“We’ve established a prima facie case against Sait Matty” – prosecutor

By Mamadou Dem
Mr Drammeh, the prosecutor at the trial of Sait Matty Jaw submitted atSait Matty Jaw
his trial at the Banjul Magistrates Court yesterday, 15 April, that
the prosecution has established a prima facie case against the accused, Sait Matty Jaw.Attorney for Sait Matty Jaw, Lamin S Camara had earlier appealed to
the lower court in Banjul to acquit and discharge the History Lecturer
at Gambia’s own University, Sait Matty Jaw for lack of enough evidence
warranting him to open his defence.
Mr. Jaw is being tried on the following charges: conspiracy to commit
a misdemeanor, failure to register a business and two counts of
Disobedience of Statutory Duty, contrary to the laws of The Gambia.
Replying to the defence’s no case to answer submission, state counsel Babucarr
Drammeh submitted that it is trite law that for  a court to hold no
case submission, there are facts that the court need to look into i.e.
whether the necessary elements of the charge or offence has been
established by the prosecution.
He said the question that needs to be asked is “What are the
ingredients or elements the accused is charged with?”
At that juncture, he quickly drew the attention of the court to all
the counts on the charge sheet and read them respectively.
According to the prosecution, evidence adduced by prosecution
witnesses and elements of the offences have been established. He
therefore urged the court to reject the defence’s application and
ordered the accused person to enter his defence.
Prior to the above submissions, the prosecutor argued that the
ingredients surrendered by the prosecution shows that the offence was
committed; adding that there was an agreement between the accused
persons and the convicts in this case.
“Even though there is no direct evidence to prove the evidence, it can
be proved by either direct evidence or circumstantial evidence,” he
submitted.
Lawyer Drammeh further submitted that the cautionary statement of the
accused person (Exhibit A1) was tendered in evidence without objection
from the defence even whereby they submitted that the said statement
was defective. He said the defence only questioned whether an
independent witness was present.
He therefore submitted that a prima facie case has been established
against the accused person in respect to all charges meted against
him.
Regarding the registration of a business as alleged on count two, the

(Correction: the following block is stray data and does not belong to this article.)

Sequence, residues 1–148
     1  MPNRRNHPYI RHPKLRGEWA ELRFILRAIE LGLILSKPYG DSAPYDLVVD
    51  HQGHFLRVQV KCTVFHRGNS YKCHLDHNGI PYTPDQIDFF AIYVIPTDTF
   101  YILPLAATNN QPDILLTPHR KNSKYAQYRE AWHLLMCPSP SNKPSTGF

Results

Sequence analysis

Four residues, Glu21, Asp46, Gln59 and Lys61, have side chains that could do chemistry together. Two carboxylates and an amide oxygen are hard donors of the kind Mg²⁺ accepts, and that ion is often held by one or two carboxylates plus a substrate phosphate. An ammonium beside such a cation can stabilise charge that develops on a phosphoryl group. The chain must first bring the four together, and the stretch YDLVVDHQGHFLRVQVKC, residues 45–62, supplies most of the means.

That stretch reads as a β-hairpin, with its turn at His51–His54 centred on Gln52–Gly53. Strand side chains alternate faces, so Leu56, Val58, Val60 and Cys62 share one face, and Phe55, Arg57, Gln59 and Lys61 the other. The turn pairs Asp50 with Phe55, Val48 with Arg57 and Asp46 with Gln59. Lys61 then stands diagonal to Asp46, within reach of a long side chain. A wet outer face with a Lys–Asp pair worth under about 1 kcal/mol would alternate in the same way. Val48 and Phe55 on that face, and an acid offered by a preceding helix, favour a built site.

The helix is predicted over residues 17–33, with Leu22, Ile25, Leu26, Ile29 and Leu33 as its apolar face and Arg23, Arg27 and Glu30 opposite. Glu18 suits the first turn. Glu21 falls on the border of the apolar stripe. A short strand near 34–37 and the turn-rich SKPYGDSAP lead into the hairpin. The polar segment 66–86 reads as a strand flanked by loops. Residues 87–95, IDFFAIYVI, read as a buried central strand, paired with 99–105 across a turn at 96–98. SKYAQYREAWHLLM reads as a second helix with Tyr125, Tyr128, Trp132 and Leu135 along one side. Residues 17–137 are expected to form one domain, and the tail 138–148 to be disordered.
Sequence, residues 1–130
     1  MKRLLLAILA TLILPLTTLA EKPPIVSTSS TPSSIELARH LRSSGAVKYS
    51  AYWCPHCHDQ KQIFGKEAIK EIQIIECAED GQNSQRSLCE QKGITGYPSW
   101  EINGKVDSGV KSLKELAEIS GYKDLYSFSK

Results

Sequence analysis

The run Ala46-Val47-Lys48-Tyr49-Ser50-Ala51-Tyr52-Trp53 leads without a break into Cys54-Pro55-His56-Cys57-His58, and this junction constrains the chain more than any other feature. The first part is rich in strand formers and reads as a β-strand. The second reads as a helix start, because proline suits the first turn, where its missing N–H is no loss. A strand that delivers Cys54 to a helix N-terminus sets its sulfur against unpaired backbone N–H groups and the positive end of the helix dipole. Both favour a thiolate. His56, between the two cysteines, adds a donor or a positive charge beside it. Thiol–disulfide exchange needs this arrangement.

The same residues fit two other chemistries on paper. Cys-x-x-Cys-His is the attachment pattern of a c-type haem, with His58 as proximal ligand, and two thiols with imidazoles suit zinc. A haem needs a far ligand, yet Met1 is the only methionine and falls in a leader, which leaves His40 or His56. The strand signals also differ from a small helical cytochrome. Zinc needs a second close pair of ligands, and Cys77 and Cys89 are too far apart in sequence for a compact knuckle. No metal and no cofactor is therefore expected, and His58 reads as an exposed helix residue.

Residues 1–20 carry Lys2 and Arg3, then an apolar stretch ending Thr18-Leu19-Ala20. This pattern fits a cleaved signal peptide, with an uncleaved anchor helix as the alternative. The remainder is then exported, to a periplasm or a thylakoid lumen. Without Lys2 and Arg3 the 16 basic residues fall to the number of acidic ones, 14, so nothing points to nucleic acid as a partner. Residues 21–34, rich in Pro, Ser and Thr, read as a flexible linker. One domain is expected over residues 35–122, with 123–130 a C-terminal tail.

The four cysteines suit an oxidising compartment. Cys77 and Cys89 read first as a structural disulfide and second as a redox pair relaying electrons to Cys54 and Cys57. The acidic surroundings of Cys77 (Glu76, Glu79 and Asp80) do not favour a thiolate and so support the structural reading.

state submitted that the activities of the accused person were
qualified as a business in accordance with the single windows Business
Registration Act 2013. He further referred the court to Section 7 of
the said Act.
Prosecution further alleged that the history lecturer did not only
mobilise people for the training but he participated during the
training.
The state counsel maintained that all prosecution witnesses presented
before the court were credible; adding that the burden of proof of a
case beyond reasonable doubt lies on the shoulders of the prosecution.
However what is required for the prosecution is to establish a prima
facie case, so proof beyond reasonable doubt is not an issue at this
stage of the trial.
According to Barrister Drammeh the issue or issues at hand is whether
the prosecution has established a prima facie case against the accused.
He added that the proof of a no case to answer submission when made on
behalf of an accused is that the trial court is not called at that
stage to express any opinion on the evidence before it. The court is
only called upon to take note and rule accordingly.
“It is our submission that the evidence before the court has indeed
supported the charge against the accused person. The proof of guilty
or not guilty is not to be determined at this stage,” he opined.
“We urge the court to reject the defence’s application and allow the
accused to enter his defence,” he concluded.
In his reply, lawyer Lamin Camara submitted that exhibit A1 is
admissible but has no probative values and therefore the court cannot
rely on the content for a simple reason that there was no independent
witness.
On the single window Business Registration Act, Camara submitted that
assuming without conceding that the accused conducted a business, the
court is enjoined to look at section 44 sub (5) (a) of the Act which
he cited in court.
According to Camara, even if it was a business, his client cannot be
convicted on the offence. “I finally urge Your Worship to discount the
reply, and acquit and discharge the accused person for lack of
evidence.”
At that juncture, the matter was adjourned till 29 April 2015 for
ruling on the ‘no case to answer’ submission.